The Mt. Airy Village Market returned for its grand opening Thursday after a two-year hiatus from Carpenter Lane and Greene Street—during which time it was housed on Germantown Avenue.
Although the market opened two weeks ago and saw some action when the UK Food Network came to showcase food truck Zea May’s, that was merely a soft opening.
From now on, market manager Ben Bergman (not related to GM Glenn Bergman) said, the market will be open every Thursday from 3-7 p.m.
Bergman said he hopes it helps keep the neighborhood corner a village square feel—especially once Weavers Way closes in late June for a six-week renovation.
And while the market was void of Zea May’s, Bergman said the Native American food truck will be back mid-June.
However, in addition to the two vendors that were at the soft opening—the Weavers Way farm and the farm stand Sorbello Girls—the market also showcased a jewelry maker and live music, courtesy of two Weavers Way employees.
“We’ve had a lot of traffic here and a lot of it is because we have live music here,” he said.
Both Ian Zolitor and Bill Quern said they experienced several people being drawn in to the market by their music as well.
“It’s another community aspect of it, showcase local talents and helps people find common ground with each other,” said Zolitor, who played guitar and sang.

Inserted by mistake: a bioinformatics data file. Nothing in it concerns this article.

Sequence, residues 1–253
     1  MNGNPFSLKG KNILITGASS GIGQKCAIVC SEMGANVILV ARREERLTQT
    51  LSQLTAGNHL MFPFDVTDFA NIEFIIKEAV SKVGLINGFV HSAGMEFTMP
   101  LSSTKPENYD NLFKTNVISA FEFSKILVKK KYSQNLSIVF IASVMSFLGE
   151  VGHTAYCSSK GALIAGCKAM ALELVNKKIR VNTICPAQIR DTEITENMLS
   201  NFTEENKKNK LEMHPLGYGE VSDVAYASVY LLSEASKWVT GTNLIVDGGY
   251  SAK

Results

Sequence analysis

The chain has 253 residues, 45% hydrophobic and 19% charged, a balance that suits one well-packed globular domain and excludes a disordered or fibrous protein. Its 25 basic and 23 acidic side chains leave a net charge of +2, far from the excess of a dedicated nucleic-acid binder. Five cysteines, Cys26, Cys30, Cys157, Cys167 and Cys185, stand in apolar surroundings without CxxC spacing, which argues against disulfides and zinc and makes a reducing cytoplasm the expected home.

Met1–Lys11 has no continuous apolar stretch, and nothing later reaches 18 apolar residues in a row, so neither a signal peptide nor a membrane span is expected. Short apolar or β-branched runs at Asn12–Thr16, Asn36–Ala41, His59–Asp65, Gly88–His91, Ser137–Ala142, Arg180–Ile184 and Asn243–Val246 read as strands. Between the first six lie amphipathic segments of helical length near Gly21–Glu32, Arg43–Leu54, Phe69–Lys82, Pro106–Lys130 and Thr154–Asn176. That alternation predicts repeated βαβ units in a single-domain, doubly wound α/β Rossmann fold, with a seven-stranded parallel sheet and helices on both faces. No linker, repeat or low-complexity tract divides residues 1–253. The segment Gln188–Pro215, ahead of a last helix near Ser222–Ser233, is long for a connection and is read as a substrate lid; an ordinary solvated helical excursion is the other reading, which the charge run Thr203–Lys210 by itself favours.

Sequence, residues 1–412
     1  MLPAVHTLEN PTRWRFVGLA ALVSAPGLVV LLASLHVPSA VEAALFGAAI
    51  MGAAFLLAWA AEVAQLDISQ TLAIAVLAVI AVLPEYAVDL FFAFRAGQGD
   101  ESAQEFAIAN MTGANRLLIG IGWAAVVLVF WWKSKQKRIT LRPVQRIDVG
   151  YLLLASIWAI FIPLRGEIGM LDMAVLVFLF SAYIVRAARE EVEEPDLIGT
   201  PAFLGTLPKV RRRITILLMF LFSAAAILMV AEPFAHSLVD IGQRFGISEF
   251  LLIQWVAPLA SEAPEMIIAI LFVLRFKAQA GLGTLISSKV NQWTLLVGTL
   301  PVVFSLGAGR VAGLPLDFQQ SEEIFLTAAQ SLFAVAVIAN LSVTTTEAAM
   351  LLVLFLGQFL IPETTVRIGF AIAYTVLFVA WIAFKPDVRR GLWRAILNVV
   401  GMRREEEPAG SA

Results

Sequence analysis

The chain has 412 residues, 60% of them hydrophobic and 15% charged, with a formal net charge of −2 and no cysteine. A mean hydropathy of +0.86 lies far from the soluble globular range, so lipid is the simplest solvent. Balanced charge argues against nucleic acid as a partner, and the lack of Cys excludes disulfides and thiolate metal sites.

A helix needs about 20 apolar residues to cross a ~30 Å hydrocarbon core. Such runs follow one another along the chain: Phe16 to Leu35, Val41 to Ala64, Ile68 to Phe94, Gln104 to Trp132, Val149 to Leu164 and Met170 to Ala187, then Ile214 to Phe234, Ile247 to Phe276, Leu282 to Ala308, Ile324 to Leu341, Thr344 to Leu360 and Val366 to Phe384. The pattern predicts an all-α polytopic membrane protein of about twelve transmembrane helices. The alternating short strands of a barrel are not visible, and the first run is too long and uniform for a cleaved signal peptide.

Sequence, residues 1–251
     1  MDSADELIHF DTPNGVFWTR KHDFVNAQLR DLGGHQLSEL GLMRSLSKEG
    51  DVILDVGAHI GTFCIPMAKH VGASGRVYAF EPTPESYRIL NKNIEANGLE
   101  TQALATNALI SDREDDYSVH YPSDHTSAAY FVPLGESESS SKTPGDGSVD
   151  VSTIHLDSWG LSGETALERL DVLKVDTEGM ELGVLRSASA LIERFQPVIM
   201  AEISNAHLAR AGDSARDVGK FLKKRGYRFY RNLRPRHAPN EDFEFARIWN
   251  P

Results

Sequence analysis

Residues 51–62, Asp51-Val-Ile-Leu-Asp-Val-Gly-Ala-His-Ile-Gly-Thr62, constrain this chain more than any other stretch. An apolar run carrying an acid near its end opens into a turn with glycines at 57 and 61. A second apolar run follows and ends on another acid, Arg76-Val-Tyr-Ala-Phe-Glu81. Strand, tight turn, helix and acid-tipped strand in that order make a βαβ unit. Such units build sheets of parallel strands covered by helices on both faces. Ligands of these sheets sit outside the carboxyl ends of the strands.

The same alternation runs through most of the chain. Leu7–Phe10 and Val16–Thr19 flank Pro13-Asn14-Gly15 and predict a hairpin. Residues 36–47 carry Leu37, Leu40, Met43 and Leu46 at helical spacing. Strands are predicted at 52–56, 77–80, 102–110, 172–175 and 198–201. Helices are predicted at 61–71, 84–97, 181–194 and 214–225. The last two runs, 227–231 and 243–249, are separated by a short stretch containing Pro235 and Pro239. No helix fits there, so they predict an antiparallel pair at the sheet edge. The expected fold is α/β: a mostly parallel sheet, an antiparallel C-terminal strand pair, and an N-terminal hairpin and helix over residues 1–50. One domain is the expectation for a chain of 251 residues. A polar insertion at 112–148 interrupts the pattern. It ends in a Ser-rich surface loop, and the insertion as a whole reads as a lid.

Zolitor and Quern, who played the mandolin and sang among the passersby enjoying their music were several groups of dancing children and local clog dancers.
Devin McNutt, of Saffron Creations, said she joined the Village Market to sell her jewelry since she left the High Point Café Summer Market at Allen Lane Station, where she used to sell her products, has closed for good.
McNutt also sells her jewelry online and at various craft shows, but she said she likes to be involved in markets in her community.
“I just like getting to know the people that buy my jewelry and like my jewelry,” she said. “I like the community and the neighborhood.”
Bergman said all his vendors—in addition to the market’s attendees—understand the importance of increasing social interaction and sense of community.
“Here if you talk to Debbie Sorbello she’ll tell you how she grew it, how she picked it, how you can cook it, how long it’s going to last,” he said.
Sorbello, of Sorbello Girls of New Jersey, said she sees it as her responsibility to educate customers—she even supplies a weekly recipe to help shoppers utilize her products.
“I don’t just want to bag their product and ask for money,” she said. “I want to tell them a little bit about how it’s grown, what it tastes like, how they can use it so that it becomes more of an interactive experience.”
Shawnee Brown, a market attendee, said she lives around the corner from the market and ran into a friend she hadn’t seen in a few months.
She likes to attend the market to buy local, and thinks other Mt. Airy residents have similar values.
“People who live in this community love to support their community,” she said. “It’s green and lush and I think that projects the passion that people are for this area.”